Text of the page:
The kiddush cup is perhaps the most iconic piece of Judaica emblemizing the Jewish home. Not just a chachkeleh behind glass, it often is the centerpiece of the Shabbat table.
And its use extends beyond Shabbos. Kiddush cups are often used for Birkat HaMazon, Havdalah, on Yom Tov, during a bris and during a wedding.
What makes it a kiddush cup per se? Nothing really. It can be made of any type of material -- silver, silver plate, other metals such as aluminum, glass, crystal, porcelain or even wood. Assuming there are no significant cracks or chips around the rim, the only real requirement is that the volume of the cup is at least 86 cc.
Whether the Kiddush cup has a stem or not is really up to your own personal aesthetic proclivities. But from a practical viewpoint, many people have a custom of holding the Kiddush cup from the bottom, with their fingers pointed upward, so you find that to be a challenging balancing act, it will probably be easier without a stem.
Although traditionally sterling silver Kiddush cups have always been the norm, today aluminum, porcelain and crystal are quite common, and in fact, although it might appear a bit odd to some, in theory there's nothing wrong with using a regular wine glass.
So what's Kiddush all about?
Kiddush was devised by the Talmudic Sages as a formal declaration of sanctity, i.e. the sanctity of Shabbat or Yom Tov, or during a wedding ceremony when the bride (i.e. the marriage) is sanctified. In Exodus 20:8 we are told to “Remember the Shabbat day to sanctify it.” Notably this sanctification must be recited over a cup of wine (or grape juice).
The nuts and bolts of how to recite Kiddush
Kiddush actually takes two distinct forms, the nighttime Kiddush and the morning Kiddush. The Kiddush recited at night is more involved and more important, from a halachic standpoint. The morning Kiddush, termed Kiddusha Raba ("the Great Kiddush," although it's actually the lesser Kiddush) is also recited just before the Shabbat meal, but it often becomes a communal affair, since it can be done ahead of the meal, right after the morning synagogue service. Therefore if you hear, "There's going to be a Kiddush tomorrow," that means someone has arranged to host an event for the congregation where the morning Kiddush will be recited and refreshments will be served.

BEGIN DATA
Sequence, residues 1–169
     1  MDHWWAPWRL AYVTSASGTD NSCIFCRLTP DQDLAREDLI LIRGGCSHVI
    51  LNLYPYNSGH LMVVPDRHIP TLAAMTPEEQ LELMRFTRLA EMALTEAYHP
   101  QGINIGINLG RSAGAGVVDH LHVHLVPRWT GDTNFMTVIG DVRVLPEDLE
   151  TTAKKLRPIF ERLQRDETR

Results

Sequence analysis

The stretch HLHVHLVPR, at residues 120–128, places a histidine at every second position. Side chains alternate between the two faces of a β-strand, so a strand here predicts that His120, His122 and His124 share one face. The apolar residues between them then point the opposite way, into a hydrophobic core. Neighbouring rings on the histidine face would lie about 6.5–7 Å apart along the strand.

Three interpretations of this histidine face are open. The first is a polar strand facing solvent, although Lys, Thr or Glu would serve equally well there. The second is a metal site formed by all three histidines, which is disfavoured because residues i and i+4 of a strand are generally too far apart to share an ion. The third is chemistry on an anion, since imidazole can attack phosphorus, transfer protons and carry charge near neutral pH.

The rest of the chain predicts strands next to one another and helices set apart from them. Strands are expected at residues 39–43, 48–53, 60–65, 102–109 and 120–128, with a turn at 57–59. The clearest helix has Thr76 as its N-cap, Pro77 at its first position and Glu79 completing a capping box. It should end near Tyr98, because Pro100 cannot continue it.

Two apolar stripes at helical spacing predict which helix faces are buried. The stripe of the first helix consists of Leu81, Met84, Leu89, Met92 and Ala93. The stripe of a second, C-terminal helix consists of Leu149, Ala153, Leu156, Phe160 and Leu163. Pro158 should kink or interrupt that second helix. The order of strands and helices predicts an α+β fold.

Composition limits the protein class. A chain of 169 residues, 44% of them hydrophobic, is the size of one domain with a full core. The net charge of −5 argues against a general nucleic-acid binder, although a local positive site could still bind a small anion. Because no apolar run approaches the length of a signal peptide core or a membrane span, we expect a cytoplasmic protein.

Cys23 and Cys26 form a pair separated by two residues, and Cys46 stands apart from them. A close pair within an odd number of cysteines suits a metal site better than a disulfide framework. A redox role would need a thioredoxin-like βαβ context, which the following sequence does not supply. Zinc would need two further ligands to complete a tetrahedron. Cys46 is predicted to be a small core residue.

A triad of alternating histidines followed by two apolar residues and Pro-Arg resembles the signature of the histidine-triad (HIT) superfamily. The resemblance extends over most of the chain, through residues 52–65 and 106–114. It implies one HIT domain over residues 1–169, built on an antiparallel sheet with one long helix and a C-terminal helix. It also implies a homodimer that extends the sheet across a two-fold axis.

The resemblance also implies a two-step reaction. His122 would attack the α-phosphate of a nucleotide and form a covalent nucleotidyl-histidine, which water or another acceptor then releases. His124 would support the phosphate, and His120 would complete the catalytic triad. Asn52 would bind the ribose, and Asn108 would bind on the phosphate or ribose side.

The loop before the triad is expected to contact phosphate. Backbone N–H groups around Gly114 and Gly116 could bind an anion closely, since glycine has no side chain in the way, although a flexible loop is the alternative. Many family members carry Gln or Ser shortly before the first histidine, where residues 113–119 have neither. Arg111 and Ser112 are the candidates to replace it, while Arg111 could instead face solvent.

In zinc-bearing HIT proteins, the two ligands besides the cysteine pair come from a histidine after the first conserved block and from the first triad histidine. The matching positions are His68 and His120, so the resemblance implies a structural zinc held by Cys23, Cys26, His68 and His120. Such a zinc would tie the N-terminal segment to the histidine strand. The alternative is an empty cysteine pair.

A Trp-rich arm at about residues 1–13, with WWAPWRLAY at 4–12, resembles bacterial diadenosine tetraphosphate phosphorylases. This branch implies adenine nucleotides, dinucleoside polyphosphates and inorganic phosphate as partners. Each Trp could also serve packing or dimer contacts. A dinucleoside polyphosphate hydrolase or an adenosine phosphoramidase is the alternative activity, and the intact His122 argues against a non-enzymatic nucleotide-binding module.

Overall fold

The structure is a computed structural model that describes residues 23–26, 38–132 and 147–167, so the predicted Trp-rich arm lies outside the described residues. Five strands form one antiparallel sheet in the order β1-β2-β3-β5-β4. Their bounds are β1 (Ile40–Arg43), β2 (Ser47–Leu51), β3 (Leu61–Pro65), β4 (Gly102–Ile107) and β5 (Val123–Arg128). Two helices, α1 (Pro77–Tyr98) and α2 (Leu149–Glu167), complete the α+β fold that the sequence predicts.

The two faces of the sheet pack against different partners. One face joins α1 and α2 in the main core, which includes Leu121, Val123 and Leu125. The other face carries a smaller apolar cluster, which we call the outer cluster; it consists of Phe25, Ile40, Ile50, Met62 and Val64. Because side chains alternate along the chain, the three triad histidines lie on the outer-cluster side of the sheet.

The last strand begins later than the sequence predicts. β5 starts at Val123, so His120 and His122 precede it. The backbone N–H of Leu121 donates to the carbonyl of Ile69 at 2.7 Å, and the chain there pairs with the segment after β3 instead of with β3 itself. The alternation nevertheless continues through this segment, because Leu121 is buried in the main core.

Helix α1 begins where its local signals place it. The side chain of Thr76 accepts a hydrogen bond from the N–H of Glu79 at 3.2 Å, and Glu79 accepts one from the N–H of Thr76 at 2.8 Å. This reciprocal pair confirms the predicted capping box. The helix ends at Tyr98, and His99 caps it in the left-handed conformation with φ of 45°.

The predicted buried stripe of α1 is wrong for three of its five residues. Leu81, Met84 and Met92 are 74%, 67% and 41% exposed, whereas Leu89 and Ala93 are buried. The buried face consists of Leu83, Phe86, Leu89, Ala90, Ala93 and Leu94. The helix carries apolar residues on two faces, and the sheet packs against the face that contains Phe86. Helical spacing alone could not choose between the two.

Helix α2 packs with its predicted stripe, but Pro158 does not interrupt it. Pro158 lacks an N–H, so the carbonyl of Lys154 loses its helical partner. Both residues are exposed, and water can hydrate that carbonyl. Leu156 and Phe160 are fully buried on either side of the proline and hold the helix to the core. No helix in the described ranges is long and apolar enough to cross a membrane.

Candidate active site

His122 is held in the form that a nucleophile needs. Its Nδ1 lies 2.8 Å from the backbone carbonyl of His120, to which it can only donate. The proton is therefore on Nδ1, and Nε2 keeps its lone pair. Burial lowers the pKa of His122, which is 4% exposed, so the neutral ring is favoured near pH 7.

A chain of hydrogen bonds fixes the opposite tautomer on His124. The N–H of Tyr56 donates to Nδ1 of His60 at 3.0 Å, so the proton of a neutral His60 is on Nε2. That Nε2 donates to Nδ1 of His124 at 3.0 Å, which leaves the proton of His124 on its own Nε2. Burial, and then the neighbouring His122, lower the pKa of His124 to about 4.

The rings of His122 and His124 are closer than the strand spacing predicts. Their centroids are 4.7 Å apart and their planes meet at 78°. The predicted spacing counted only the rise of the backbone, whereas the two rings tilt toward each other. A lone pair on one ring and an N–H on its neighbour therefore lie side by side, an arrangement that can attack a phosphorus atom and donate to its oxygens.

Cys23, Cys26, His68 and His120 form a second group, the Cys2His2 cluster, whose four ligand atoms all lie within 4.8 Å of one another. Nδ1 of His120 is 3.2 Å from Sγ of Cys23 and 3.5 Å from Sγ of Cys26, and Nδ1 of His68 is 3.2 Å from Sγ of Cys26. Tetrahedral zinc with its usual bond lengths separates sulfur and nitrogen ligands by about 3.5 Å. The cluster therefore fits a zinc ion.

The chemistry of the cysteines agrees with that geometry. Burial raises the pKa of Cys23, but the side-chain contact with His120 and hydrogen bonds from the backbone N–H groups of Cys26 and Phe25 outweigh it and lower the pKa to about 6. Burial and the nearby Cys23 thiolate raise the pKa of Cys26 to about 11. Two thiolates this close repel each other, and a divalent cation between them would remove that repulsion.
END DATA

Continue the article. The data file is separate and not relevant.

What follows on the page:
The night-time Kiddush is preceded by the blessing of the children and two songs, Shalom Aleichem and Eishet Chayil. After the challahs are covered and the Kiddush cup has been filled to the brim everyone stands (in most homes). Although some people refer to Kiddush as a prayer, it is actually comprised of verses from the beginning of Genesis, the blessing over the wine and a longer blessing which formally sanctifies the Sabbath Day.
The leader holds aloft a full cup of wine or grape juice, to sanctify the Sabbath by remembering that "in six days, God created the heaven and the earth -- and on Shabbat He rested." For the text and translation, go to this page.
The morning Kiddush is a simpler affair. Since the sanctity of the Sabbath has already been established, the third blessing is omitted. Typically recited sitting, it consists of just a few verses and the Borei Pri HaGafen blessing.